Remote sensing has taken a new turn with the installation of satellite equipment, which allows observation from a distant location and produces images to analyse what is going on exactly. Images are taken from the surface of the Earth and the photos are projected on computer monitors for zoom in.
Still we are far off from the latest remote sensing facilities. The space equipment of the remote sensing organisation, Bangladesh Space Research and Remote Sensing Organisation (SPARRSO), is not enough. It is associated with some satellite establishments of other countries and images from those satellites help them to carry out remote sensing operation.
A country, whether rich or not, needs donation and help from all over the world during a natural calamity. Other governments and international organisations can send donations to the victims, but general people normally face a hassle in donating money from other parts of the world; there is even a limitation in some particular countries about sending money instantly and directly. Bangladesh Bank has opened the gateway for online payment which will facilitate collecting donations and sending money to a victim directly.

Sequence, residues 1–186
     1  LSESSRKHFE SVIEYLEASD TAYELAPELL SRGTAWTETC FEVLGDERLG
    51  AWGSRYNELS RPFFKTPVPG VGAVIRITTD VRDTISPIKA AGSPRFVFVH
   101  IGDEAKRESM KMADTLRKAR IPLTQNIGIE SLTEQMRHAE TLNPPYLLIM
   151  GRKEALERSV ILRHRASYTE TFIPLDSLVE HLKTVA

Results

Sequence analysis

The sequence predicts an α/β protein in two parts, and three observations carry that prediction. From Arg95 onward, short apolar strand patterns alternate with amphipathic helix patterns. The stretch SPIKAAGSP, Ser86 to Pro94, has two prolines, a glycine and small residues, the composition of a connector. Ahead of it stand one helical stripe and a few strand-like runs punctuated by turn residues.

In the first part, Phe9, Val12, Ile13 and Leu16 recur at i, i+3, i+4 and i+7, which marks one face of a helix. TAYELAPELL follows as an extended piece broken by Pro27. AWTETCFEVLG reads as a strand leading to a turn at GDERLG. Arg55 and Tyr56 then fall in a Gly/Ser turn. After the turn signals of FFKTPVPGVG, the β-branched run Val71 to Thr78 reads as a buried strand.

More effectively IT and telecommunication experts of some developed countries could minimize some effects of disaster if they concentrated on digital device focused disaster management. Unfortunately these countries have developed IT sector for commercial use and making war technology; after the attack of 9/11 they have been developing cyber monitoring technology, which is built for cracking down on terrorists; not for dealing with calamities.
Still the government is uttering its election winning magic word `Digital Bangladesh'; according to the government, a lot of work is under way. But the last budget couldn't allot significant money for IT, telecommunication sectors, as well as for the disaster management with the digital devices. According to the current ICT infrastructure of the country, especially in the costal belt, such digital rescue operation is a myth, away from the reality.